Fall of a Titan: The Resignation of SOMPO’s Chairman and the Shadows of Governance

At the helm of SOMPO Holdings (SHD), a leading figure in the insurance industry dubbed the “Don of Losses,” CEO and Chairman Kengo Sakurada has announced his resignation effective the end of March. This decision was revealed in a press conference on January 26th, following administrative actions by the Financial Services Agency (FSA) and the final report of an external investigative committee. When asked if his departure was a resignation of responsibility, Sakurada left the judgment to the media, lightly touching on “resulting responsibility” without showing deep remorse. Furthermore, the press conference left lingering doubts, particularly regarding Sakurada’s severance package.

Sakurada stated his reason for stepping down was to not miss the opportunity for SHD’s rebirth in realizing its purpose, asserting his future non-involvement in any executive or advisory capacity within the group. Despite acknowledging there’s room for improvement in risk management, Sakurada refused to admit to any mismanagement on his part.

The core issue, however, revolves around the so-called Big Motor (BM) scandal, where customers’ vehicles were deliberately damaged to fraudulently claim insurance money. SHD Group is suspected of overlooking or even encouraging such fraud through its “full assessment-less” system by removing accident investigators known as adjusters.

Our magazine confronted Sakurada with the fact that, as a business leader, it’s implausible he was unaware of BM, a top agency, until media reports in July 2022. If he was aware and overlooked it, it’s a breach of duty; if not, it’s a violation of his duty of care.

Sakurada claimed ignorance regarding BM, accepting any blame for not knowing. We further pressed on how inflated claims by BM harmed not just Sompo Japan but all auto insurance policyholders nationwide, as they ended up paying higher premiums. Sakurada acknowledged the inconvenience caused and expressed a desire to address it within their preventive measures.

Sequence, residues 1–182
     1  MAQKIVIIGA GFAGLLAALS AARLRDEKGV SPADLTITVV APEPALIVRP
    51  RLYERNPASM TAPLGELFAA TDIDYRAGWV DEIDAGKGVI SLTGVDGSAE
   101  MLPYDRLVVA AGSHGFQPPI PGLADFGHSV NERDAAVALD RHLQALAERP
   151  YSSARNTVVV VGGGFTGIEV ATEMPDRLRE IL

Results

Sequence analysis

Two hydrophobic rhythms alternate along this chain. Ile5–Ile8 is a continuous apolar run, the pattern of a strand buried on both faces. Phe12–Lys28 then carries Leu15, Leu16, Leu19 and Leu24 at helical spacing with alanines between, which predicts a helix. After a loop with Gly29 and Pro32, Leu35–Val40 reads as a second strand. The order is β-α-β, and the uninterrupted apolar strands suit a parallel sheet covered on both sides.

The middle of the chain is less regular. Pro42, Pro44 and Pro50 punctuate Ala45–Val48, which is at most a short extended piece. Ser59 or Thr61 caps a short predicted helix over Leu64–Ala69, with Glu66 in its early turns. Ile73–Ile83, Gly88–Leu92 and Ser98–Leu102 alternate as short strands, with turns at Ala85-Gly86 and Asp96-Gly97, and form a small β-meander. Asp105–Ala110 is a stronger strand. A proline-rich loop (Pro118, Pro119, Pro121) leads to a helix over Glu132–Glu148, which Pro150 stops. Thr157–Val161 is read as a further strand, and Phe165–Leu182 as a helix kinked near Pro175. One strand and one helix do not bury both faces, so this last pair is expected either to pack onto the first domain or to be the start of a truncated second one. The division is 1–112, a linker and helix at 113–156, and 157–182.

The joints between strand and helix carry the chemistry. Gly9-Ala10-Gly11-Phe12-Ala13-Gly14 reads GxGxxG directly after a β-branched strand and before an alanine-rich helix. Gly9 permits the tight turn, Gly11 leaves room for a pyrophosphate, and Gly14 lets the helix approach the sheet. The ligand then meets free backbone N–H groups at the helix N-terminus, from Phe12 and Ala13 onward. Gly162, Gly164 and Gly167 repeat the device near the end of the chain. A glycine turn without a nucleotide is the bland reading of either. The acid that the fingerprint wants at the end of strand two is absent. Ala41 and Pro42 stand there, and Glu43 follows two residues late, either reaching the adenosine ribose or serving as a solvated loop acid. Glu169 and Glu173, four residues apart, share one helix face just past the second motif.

Here lies the essence of the issue: SHD’s financials aren’t hurt by overpaying BM; the real losers are the auto insurance policyholders nationwide. It’s suspected that such fraudulent activities were overlooked due to the interdependent relationship between BM and Sompo Japan, facilitated by a system that ultimately recoups excess payments through premium hikes.

Sakurada’s departure, announced without prior hints, raises questions about possible behind-the-scenes agreements with authorities to halt further probes. His choice of “retirement” over “resignation” hints at a significant difference in the severance package he will receive, a topic SHD is keen to avoid, evidenced by a moment of hesitation and a look towards an external director for an answer during the press conference.

Indeed, SHD has no formal severance package for executives, but “retirement” doesn’t mean Sakurada won’t receive anything. The introduction of a phantom stock scheme on April 1, 2023, suggests a potential substantial cash payout in three years, contingent upon SHD’s stock performance.

Questions about whether Sakurada will be granted phantom stocks and the exact amount remain unanswered. This method resembles the compensation strategies of disgraced Nissan executive Carlos Ghosn, who received around 4 billion yen over seven years through a similar stock appreciation rights scheme.

The new CEOs under Sakurada’s influence might prioritize stock price maintenance over the next three years, potentially perpetuating SHD’s criticized profit-over-customer benefit culture. Sakurada should voluntarily resign and refuse the phantom stock to break this cycle.

Lastly, the Nomination Committee, having supported Sakurada throughout his tenure, should also see accountability, particularly its chair, who has shielded Sakurada till the end. A shared departure with Sakurada would be the proper course of action, marking a decisive step towards rectifying SHD’s governance and restoring its commitment to prioritizing policyholder interests over internal gains.

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